2016 has been a big year in blogging for many reasons. Whilst I’d started to earn money from my blog posts at the end of 2015 (albeit only a little bit) as well as a little through affiliates, it was the turn of the new year where I said nope! to working with brands for free. It’s a movement that has echoed through many more bloggers, and as I’ve become closer friends with some amazing girls in this industry, there’s become increased transparency in our conversations of who’s charging what for what so we all know we’re not being cheated and underselling (or overselling!) ourselves. Plus, the fact that stricter regulations have been somewhat enforced with #ad and #spon in Instagram posts, it’s become clearer who’s making money from what, making it easier for you to weigh up exactly what you should get paid for.
For every branded blog post we do, we are effectively creating advertorials for brands on our own personal platforms by taking photographs, editing, writing, scheduling, and finally sending it out neatly packaged with some social media marketing. Would a publication do this for free? Well, for a gifted £35 dress or £50 pair of shoes? I don’t think so – so neither should we. At the end of the day, some new clothes might be nice but that won’t pay my bills, and I hardly think my landlady will take too kindly to me paying my rent in the form of a handbag stuffed full of jewellery and affordable shoes.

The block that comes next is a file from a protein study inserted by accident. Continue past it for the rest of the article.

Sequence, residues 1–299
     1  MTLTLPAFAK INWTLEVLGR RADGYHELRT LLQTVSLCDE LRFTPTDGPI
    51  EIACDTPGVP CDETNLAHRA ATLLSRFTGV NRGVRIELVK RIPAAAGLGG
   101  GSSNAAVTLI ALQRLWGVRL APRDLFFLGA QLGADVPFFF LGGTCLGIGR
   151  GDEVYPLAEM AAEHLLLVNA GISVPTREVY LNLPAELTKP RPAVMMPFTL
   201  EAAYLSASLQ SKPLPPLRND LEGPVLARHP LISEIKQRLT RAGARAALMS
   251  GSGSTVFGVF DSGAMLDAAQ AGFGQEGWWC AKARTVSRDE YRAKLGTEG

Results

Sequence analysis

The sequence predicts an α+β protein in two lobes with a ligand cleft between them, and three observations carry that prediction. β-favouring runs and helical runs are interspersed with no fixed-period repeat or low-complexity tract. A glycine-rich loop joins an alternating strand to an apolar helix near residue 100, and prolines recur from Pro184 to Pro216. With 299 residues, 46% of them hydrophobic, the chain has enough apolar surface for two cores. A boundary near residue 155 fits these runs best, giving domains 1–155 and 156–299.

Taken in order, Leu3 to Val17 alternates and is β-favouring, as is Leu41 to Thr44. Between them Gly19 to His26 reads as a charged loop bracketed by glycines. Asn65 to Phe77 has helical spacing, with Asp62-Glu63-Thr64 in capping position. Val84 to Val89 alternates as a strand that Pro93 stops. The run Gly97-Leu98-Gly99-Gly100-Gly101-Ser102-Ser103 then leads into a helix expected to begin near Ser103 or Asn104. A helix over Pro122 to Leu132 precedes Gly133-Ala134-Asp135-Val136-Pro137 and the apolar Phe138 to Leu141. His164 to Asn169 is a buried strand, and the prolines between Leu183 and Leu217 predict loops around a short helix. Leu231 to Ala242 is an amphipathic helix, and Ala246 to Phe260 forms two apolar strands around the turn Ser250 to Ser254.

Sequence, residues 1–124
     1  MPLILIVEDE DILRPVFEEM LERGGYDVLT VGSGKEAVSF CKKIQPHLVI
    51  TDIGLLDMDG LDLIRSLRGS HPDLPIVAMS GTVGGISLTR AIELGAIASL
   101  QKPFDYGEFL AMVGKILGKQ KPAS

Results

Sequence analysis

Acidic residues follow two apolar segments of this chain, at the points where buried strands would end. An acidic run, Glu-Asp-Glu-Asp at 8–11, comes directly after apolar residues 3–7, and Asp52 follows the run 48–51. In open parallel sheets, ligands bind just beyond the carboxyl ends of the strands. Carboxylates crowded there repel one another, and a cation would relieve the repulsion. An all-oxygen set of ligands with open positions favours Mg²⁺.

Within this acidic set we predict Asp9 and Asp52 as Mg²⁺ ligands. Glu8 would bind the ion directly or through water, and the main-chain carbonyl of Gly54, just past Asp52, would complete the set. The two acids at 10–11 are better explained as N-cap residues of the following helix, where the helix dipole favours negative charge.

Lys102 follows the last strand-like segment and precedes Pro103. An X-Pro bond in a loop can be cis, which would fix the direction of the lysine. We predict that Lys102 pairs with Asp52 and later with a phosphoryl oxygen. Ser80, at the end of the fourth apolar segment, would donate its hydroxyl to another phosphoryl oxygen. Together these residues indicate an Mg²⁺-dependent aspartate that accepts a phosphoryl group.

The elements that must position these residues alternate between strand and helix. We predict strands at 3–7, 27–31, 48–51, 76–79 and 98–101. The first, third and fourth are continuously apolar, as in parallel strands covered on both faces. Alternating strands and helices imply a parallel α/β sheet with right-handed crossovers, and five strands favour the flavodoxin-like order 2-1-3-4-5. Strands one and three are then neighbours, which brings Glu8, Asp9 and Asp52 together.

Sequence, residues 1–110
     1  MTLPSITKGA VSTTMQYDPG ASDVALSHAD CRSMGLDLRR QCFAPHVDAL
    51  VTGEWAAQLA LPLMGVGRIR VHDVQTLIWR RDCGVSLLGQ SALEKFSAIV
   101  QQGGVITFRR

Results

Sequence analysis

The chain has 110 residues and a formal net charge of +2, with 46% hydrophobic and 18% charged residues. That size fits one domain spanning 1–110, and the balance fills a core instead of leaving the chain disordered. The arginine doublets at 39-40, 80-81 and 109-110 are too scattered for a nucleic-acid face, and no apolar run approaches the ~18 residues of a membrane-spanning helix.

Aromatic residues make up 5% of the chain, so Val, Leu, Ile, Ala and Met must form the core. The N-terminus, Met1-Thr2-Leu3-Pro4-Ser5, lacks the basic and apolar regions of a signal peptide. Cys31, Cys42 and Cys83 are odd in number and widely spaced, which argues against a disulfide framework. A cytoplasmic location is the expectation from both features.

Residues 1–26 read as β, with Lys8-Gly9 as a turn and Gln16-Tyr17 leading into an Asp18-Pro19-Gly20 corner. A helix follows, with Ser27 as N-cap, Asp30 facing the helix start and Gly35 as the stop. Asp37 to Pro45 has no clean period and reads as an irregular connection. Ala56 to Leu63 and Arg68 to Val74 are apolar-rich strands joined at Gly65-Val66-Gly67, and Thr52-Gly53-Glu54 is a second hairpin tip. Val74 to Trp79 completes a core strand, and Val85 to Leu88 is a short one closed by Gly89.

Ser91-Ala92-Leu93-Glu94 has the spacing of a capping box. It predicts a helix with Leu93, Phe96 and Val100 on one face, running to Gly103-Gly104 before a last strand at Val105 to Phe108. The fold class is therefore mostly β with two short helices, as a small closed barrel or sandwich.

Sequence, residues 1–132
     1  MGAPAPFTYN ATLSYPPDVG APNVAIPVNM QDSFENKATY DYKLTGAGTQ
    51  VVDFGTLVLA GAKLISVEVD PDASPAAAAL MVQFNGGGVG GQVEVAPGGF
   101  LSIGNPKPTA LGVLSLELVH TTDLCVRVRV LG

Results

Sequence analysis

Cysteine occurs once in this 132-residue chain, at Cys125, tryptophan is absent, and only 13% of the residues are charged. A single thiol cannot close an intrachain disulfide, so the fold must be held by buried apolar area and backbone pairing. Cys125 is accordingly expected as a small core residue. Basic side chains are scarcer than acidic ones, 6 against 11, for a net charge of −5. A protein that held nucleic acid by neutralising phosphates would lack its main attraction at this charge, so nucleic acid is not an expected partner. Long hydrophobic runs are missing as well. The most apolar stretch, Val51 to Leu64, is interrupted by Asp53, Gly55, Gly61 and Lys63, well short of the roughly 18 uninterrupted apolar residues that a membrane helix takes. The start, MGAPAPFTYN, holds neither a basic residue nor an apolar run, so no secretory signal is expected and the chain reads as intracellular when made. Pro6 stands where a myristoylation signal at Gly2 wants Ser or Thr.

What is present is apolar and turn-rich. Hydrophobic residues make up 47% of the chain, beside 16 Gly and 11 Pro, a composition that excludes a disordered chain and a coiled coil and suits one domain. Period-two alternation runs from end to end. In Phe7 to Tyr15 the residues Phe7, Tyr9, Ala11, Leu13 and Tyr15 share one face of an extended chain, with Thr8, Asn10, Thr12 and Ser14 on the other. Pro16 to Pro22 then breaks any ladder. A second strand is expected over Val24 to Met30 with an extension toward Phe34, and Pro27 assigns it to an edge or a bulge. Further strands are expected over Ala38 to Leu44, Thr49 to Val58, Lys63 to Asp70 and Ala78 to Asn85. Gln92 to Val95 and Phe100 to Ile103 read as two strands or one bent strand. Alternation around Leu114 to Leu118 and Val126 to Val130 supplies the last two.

So the turning point on when I thought that I should start charging for my work was when it felt like I was doing the brand a favour, rather than it feeling like a mutually beneficial collaboration. When it starts to feel like you’re putting yourself out of your way, taking time out, using resources, and using your own money for no real gain other than to promote a brand rather than further your own profression, then that’s when you need to start asking for payment on future collaborations. As soon as you know that your time in work and access to your audience is worth more than the cost of whatever they are gifting you for the post, then ask for payment.
Brands may offer ‘exposure’, reminding you that working together is a “great opportunity to start a relationship that may lead to future paid collaborations!” (UGH), but quite frankly, I don’t care how many Instagram followers an account has, a regram has never been worth the time in effort that shooting, editing, writing, and scheduling the social media promo as the few followers I procured.
Of course, then come the task of asking brands to pay you! But luckily, this is a topic which I neatly covered right here. But once you’ve got that sorted, you’ll be way on your way. In a developing industry shrouded in mystery on who gets paid what and no standardised salaries, it can be hard to work it out. But trust me, it has nothing to do with numbers but more of a gut instinct that you’re putting yourself out there.
On another note, check out my latest haul video and list of all the best Christmas sales below!